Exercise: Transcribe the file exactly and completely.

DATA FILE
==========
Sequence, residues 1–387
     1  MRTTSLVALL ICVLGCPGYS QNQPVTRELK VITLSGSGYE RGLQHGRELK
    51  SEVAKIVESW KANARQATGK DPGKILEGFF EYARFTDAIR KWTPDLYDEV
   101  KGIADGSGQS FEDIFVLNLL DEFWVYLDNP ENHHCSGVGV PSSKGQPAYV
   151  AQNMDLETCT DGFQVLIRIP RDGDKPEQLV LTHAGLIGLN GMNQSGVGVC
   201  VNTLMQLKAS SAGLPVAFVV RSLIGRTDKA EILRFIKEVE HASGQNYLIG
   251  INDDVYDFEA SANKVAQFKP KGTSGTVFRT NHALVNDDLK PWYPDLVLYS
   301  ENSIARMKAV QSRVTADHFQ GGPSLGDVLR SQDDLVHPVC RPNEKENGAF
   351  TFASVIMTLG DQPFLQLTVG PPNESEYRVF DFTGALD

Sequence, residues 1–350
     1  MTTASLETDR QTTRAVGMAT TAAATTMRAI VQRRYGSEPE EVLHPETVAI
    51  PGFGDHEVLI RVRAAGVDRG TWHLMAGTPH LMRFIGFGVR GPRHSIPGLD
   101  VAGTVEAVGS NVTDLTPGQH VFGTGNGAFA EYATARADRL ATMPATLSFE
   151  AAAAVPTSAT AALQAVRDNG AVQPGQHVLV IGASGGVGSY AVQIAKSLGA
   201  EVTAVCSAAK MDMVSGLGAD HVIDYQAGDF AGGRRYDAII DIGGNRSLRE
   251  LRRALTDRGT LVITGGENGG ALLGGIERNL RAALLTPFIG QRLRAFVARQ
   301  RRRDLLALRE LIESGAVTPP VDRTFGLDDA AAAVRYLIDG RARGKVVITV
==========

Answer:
Sequence, residues 1–387
     1  MRTTSLVALL ICVLGCPGYS QNQPVTRELK VITLSGSGYE RGLQHGRELK
    51  SEVAKIVESW KANARQATGK DPGKILEGFF EYARFTDAIR KWTPDLYDEV
   101  KGIADGSGQS FEDIFVLNLL DEFWVYLDNP ENHHCSGVGV PSSKGQPAYV
   151  AQNMDLETCT DGFQVLIRIP RDGDKPEQLV LTHAGLIGLN GMNQSGVGVC
   201  VNTLMQLKAS SAGLPVAFVV RSLIGRTDKA EILRFIKEVE HASGQNYLIG
   251  INDDVYDFEA SANKVAQFKP KGTSGTVFRT NHALVNDDLK PWYPDLVLYS
   301  ENSIARMKAV QSRVTADHFQ GGPSLGDVLR SQDDLVHPVC RPNEKENGAF
   351  TFASVIMTLG DQPFLQLTVG PPNESEYRVF DFTGALD

Sequence, residues 1–350
     1  MTTASLETDR QTTRAVGMAT TAAATTMRAI VQRRYGSEPE EVLHPETVAI
    51  PGFGDHEVLI RVRAAGVDRG TWHLMAGTPH LMRFIGFGVR GPRHSIPGLD
   101  VAGTVEAVGS NVTDLTPGQH VFGTGNGAFA EYATARADRL ATMPATLSFE
   151  AAAAVPTSAT AALQAVRDNG AVQPGQHVLV IGASGGVGSY AVQIAKSLGA
   201  EVTAVCSAAK MDMVSGLGAD HVIDYQAGDF AGGRRYDAII DIGGNRSLRE
   251  LRRALTDRGT LVITGGENGG ALLGGIERNL RAALLTPFIG QRLRAFVARQ
   301  RRRDLLALRE LIESGAVTPP VDRTFGLDDA AAAVRYLIDG RARGKVVITV